Salads in Italy come in many varieties, including simple insalata verde (green salad, just a big bowl of lettuce), insalata mista (mixed salad of lettuce, carrots, tomato, perhaps some fennel), and meal-size insalatone (big salads filled with cheeses, meats, seafood, fruits, nuts). There are also delicious specialty salads such as caprese (tomato, fresh mozzarella with basil), panzanella (tomato, cucumber, red onion, basil and crumbled bread with olive oil and vinegar), and carciofi (fresh shaved artichokes with Parmesan and olive oil). All are delicious, especially when made with local fresh ingredients and eaten somewhere in Italy!
I enjoy each of these types of salads but, secondo me (in my opinion), the absolute best salad in Italy is an insalata di bresaola. Bresaola is not well known in the U.S. (at least not outside of cities with big Italian communities like Boston, New York, and San Francisco), especially compared to the more familiar Italian salumi (cold cut) products like prosciutto, salami, and mortadella. I first tasted bresaola on a trip to Rome many years ago and it's always one of the first things I want to eat when I return to Italy. And, because it is low-fat and low-carb, it is one Italian food that I never feel guilty about eating.
Bresaola is a beef cold cut, made from what we in the U.S. would call the top round cut. It is a specialty of the Valtellina, an alpine valley in northern Italy. Like prosciutto, bresaola is produced through a process of salting and drying. But, unlike prosciutto, the beef is trimmed of all visible fat before being rubbed with a salt and spice mixture. Also, the aging process is shorter, usually two to three months. The final product is deep red in color, soft (never leathery), delicate in texture, and fragrant. It's served very thinly sliced and is so very delicious.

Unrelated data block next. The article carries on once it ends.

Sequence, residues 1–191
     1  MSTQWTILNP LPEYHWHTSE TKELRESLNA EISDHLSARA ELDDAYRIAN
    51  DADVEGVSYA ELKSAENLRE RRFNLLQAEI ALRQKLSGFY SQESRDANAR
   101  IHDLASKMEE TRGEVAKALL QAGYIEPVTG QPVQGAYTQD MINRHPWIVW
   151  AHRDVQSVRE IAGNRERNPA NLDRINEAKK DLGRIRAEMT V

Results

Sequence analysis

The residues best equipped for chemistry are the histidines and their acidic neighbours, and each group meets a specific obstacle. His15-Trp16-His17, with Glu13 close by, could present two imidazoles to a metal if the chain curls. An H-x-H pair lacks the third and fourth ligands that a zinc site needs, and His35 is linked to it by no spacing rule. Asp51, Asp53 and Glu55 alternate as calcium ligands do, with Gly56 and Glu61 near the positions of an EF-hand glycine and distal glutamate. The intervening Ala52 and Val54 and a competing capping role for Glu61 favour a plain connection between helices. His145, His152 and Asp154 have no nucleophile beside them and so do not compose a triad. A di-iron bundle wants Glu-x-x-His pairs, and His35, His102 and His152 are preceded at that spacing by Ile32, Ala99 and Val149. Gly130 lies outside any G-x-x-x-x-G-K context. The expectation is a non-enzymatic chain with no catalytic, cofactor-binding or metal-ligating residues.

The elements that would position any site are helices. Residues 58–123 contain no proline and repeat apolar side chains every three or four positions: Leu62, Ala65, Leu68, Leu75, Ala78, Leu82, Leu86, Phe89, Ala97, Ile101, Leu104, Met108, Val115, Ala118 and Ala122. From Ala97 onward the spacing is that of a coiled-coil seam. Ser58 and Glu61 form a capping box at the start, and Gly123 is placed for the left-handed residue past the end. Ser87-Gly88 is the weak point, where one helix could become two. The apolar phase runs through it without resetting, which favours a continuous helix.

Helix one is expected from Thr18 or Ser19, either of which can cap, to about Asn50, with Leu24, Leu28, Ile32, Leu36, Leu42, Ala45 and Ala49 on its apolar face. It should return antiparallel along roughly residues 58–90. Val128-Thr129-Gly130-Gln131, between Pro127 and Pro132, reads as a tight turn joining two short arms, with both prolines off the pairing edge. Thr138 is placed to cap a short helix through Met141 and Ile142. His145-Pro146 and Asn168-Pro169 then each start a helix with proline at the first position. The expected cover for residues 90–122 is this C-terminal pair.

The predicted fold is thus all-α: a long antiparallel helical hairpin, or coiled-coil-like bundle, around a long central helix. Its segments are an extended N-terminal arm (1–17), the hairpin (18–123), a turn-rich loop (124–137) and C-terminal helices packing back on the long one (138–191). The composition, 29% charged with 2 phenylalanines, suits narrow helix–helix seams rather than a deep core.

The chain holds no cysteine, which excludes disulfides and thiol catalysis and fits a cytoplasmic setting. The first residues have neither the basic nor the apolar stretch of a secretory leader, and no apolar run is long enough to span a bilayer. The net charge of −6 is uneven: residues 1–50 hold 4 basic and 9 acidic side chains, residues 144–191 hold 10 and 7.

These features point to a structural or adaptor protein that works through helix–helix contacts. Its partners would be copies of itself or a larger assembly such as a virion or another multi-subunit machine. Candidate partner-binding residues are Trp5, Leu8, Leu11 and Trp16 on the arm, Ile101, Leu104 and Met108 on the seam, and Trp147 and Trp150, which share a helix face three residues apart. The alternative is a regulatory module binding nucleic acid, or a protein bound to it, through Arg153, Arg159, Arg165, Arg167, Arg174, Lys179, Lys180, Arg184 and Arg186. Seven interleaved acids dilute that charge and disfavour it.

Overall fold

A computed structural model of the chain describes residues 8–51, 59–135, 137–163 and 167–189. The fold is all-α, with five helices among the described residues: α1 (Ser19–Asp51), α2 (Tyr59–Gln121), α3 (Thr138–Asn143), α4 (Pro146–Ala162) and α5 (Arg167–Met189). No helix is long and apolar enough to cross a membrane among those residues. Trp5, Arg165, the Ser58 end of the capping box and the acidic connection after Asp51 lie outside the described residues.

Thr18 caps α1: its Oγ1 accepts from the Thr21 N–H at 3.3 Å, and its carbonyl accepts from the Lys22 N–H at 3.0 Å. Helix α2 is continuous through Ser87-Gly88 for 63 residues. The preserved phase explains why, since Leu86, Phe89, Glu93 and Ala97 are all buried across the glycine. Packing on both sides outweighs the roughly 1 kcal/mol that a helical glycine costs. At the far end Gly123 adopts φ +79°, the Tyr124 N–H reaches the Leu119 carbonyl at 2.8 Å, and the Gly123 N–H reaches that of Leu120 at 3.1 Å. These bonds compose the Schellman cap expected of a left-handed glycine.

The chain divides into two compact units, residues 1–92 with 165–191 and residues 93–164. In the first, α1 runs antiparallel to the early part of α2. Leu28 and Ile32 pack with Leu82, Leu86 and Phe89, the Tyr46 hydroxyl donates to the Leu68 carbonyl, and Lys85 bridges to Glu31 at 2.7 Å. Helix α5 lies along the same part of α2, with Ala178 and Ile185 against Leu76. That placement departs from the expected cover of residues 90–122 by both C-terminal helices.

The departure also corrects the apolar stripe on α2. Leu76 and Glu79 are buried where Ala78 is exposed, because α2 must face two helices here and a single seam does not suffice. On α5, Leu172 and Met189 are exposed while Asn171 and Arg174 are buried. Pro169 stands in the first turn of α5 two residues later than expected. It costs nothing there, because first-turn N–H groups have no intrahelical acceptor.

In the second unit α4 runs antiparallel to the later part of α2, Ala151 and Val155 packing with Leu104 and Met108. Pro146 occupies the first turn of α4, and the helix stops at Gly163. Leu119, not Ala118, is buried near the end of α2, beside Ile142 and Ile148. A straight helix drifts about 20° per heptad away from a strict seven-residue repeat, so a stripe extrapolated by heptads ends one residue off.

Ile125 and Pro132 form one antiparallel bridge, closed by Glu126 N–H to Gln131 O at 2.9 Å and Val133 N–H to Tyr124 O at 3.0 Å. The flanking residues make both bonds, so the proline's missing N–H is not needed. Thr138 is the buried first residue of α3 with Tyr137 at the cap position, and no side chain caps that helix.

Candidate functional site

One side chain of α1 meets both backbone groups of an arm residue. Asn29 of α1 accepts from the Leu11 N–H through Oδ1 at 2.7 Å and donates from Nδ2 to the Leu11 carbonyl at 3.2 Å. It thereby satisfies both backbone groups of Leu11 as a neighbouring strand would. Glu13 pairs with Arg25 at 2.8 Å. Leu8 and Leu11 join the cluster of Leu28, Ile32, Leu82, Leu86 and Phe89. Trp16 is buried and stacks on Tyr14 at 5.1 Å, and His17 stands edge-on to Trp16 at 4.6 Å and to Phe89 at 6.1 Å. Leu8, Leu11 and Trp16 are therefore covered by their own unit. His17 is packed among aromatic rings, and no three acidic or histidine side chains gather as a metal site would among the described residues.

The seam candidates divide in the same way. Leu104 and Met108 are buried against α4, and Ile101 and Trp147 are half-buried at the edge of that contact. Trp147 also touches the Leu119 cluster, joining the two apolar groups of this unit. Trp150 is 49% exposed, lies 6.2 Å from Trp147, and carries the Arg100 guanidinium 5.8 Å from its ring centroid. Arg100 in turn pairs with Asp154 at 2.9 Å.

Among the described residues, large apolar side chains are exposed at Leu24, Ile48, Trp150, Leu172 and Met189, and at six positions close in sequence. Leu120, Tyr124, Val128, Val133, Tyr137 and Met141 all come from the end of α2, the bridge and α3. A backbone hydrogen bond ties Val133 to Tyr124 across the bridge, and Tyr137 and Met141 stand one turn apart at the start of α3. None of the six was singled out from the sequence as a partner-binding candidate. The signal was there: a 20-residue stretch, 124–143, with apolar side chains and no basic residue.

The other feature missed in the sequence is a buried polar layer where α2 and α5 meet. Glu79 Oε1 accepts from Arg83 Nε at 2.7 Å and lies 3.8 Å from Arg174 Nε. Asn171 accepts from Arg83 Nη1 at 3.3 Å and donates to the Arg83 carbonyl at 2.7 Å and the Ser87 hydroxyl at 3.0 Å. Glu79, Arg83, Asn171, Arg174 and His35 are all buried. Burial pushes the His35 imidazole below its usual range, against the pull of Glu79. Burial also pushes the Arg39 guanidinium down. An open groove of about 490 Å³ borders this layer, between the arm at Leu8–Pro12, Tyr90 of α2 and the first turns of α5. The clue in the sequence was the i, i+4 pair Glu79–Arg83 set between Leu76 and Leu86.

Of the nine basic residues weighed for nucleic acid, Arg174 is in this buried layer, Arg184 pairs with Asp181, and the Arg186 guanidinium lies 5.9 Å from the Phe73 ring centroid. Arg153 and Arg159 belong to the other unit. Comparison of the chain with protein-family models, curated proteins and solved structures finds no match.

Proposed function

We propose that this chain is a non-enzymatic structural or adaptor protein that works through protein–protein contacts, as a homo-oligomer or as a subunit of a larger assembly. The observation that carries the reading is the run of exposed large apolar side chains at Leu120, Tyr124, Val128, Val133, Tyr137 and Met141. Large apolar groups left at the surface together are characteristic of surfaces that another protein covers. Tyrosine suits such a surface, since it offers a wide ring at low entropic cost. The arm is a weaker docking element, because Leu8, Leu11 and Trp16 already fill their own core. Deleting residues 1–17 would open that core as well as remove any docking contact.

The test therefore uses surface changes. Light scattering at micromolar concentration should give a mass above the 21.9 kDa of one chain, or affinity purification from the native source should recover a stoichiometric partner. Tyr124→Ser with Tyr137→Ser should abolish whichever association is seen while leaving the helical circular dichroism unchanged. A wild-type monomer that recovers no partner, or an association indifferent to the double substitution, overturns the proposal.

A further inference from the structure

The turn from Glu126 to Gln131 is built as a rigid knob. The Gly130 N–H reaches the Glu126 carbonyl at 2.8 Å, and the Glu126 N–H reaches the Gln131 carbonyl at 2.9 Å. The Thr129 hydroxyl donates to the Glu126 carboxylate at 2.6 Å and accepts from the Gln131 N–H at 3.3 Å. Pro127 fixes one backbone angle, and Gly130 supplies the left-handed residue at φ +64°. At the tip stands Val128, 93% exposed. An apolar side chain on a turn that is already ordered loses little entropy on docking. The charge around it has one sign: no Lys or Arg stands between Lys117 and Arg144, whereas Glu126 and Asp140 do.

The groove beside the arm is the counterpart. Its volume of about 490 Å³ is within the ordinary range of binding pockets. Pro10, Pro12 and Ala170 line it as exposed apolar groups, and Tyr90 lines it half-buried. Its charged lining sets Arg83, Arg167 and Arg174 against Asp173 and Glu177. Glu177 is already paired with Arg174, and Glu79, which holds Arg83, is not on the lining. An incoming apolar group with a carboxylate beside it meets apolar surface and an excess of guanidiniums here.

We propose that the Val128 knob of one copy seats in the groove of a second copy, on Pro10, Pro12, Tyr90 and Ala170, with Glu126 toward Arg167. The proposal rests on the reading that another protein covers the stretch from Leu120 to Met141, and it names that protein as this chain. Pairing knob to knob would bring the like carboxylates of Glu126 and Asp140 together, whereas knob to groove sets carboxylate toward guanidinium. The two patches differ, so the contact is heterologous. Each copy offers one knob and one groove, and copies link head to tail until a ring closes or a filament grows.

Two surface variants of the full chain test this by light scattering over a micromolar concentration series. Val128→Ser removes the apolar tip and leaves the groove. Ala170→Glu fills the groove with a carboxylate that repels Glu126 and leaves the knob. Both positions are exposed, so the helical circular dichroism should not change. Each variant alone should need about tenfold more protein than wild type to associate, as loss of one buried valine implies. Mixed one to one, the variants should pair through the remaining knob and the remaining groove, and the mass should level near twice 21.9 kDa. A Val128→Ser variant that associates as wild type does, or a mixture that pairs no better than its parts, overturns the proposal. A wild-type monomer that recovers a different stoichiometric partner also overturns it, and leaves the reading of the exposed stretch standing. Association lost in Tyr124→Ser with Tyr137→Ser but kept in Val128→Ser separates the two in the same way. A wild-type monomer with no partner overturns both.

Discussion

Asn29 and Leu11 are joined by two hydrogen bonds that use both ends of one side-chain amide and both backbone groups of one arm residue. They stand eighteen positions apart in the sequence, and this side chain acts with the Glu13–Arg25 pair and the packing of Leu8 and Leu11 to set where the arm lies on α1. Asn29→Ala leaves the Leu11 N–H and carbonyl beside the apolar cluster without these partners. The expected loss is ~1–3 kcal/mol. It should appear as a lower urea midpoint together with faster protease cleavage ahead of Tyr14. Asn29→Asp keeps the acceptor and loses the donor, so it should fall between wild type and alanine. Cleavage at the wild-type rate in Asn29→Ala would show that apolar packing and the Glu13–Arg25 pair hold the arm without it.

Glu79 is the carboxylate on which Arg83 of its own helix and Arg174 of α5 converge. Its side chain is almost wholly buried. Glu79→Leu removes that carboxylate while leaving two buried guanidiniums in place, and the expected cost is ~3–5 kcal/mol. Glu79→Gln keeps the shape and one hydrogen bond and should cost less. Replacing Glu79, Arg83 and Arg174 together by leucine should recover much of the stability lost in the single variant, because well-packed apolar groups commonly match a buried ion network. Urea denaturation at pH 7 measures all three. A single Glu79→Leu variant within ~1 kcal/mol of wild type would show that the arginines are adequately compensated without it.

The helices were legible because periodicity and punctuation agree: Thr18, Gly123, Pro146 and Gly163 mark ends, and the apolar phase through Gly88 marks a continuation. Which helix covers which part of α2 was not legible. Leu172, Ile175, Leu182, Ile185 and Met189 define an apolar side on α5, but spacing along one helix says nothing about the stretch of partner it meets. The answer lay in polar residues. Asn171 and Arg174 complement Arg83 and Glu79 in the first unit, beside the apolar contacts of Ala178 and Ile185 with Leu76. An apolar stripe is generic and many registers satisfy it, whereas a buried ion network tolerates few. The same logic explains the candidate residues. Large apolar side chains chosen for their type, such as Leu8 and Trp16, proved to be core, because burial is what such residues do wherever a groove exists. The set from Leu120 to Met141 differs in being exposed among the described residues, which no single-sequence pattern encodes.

Bresaola is typically served as an antipasto, often as a salad with peppery arugula (but also good on crisp lettuce). It is topped with shaved Parmesan and dressed with olive oil and lemon juice or balsamic vinegar. I can easily make a meal out of this salad, especially if I have some focaccia on the side.
There are other ways to use bresaola as well. In a cooking class (at Lucca Italian School), I learned to fix it as an antipasto in which round slices were topped with a mixture of fresh ricotta mixed with chopped mint, folded over into half moon shapes, and drizzled with thick balsamic glaze. Heavenly! Bresaola also goes well with a variety of meats and cheeses on an antipasto platter and makes a great panini (sandwich) on salty focaccia with some tomato and a soft cheese. Or just pick up a slice and eat it in your hand as a quick snack. It's hard for me to find at home, so I always eat plenty of it while I'm in Italy.
-post by JMB
Lucca Italian School Via dei Bacchettoni 25, 55100 Lucca, Italy. Lucca Italian School.com
Santa Cristina Enoteca. Via XX Settembre 10, 55100 Lucca, Italy Santacristina.firstname.lastname@example.org
Osteria Cantine Bernardini Via del Suffragio 7, 55100. Lucca, Italy. Cantinebernardini.com